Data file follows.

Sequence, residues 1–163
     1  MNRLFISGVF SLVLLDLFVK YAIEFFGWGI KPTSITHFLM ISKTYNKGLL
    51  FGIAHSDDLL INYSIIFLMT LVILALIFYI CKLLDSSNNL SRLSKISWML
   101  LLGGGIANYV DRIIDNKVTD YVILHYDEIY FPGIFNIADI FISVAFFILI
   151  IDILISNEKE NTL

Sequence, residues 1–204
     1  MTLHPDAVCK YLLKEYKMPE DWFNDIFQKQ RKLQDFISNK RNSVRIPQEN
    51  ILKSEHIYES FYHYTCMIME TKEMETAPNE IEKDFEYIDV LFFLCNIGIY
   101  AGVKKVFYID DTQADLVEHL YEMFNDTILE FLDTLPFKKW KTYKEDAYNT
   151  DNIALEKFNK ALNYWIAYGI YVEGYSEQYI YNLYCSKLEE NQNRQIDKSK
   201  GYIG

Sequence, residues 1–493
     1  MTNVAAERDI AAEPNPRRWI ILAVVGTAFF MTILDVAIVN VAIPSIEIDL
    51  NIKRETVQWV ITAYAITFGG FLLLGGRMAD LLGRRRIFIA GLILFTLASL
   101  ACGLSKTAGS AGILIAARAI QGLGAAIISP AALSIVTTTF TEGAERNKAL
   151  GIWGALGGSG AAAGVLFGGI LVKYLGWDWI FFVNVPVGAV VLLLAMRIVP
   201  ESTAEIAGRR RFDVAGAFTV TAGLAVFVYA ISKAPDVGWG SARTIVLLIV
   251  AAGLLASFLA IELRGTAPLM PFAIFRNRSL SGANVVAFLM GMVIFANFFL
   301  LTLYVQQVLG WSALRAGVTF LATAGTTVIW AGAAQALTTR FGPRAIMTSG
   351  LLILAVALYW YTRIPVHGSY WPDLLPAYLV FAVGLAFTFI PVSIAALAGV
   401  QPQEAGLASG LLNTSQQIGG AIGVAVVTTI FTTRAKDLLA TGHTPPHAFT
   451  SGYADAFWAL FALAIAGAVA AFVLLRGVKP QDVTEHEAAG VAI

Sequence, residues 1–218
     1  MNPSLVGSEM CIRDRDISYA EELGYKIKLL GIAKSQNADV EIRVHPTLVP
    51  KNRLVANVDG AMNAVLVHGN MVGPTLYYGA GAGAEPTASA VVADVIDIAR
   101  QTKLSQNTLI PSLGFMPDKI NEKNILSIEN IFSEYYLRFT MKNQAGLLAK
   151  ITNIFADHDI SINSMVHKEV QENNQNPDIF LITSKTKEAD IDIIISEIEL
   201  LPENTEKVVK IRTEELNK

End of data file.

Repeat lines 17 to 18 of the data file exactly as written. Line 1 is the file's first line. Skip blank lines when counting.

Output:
   201  ESTAEIAGRR RFDVAGAFTV TAGLAVFVYA ISKAPDVGWG SARTIVLLIV
   251  AAGLLASFLA IELRGTAPLM PFAIFRNRSL SGANVVAFLM GMVIFANFFL